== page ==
Saturday, September 8, 2012


I read the headline: "Republicans Or Democrats: The Choice Comes Down To Competing Myths," and my brain immediately settled on a definition of "myth" that neither of the parties was intending: "a person or thing" (or, in this case, a version of the United States) "having only an imaginary or unverifiable existence." I understand that there are a lot of myths in America - from the Founding Fathers' commitment to the idea that "all men are created equal" to the idea that other nations can't be trusted to bring lawsuits against American citizens without using them as a way of grinding political axes. And while many American myths are cherished parts of a cultural narrative, the majority, like young George Washington and the cherry tree, seem to be comforting falsehoods, rather than historical truths.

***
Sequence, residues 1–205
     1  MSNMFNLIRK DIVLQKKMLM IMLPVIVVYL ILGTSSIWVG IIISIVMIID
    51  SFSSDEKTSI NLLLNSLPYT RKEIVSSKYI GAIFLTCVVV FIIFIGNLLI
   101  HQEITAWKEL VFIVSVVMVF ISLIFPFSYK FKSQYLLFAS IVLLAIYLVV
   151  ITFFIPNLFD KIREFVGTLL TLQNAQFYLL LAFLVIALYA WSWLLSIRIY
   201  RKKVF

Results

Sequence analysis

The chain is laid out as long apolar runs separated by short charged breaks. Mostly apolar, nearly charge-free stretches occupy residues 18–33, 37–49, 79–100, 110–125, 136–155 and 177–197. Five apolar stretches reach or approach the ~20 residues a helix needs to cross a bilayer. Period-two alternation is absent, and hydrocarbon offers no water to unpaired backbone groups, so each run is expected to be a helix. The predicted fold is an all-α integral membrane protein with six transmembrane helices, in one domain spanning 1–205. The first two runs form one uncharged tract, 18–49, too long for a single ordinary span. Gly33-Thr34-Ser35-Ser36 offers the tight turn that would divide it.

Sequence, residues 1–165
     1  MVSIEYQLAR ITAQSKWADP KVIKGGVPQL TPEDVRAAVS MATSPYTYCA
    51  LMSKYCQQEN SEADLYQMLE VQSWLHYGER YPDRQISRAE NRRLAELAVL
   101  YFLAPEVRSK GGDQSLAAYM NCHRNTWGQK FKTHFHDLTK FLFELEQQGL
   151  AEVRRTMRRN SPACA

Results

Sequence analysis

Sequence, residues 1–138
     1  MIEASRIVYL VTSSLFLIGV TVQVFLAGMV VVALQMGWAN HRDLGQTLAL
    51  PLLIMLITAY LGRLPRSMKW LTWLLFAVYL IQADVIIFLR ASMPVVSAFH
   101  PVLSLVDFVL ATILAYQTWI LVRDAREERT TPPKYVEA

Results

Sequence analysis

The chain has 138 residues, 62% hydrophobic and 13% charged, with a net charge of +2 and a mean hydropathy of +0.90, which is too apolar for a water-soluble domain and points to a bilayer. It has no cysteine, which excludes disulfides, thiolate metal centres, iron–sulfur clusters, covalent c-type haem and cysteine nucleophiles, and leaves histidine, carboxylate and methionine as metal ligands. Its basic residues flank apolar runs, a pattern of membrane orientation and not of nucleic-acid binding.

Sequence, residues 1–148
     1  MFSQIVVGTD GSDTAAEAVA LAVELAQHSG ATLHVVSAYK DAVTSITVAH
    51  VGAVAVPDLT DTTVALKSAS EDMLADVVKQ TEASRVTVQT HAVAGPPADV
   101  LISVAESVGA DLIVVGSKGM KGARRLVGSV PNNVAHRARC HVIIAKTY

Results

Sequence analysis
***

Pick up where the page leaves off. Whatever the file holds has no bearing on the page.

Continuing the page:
And this is the problem with myth. No matter what happens, the reality of the situation can never really measure up. And so in mythologizing history, we oftentimes end up falsifying it as well. Which makes it difficult to then look back at our history and learn from it. Just as with science our understanding of history is often entangled with our values. And to the degree that we want our values to be objective mandates, rather than choices adopted out of personal utility, we look for historical anecdotes that support our values, and regard objective facts that disagree as direct attacks.

The hard way to resolve this tension is to create a reality that lives up to our values and ideas - in other words to make _living_ them as important as talking about them. The easy way is to free our value judgments of any deontological baggage, and treat them as decisions, freely reached because they work for us, and we'd like to see them spread. But then that tasks us with their defense, rather than being able to point to history as proving them correct. And so we are likely stuck with a status quo that relies on pseudo-history, freighted with our own self-justifications.

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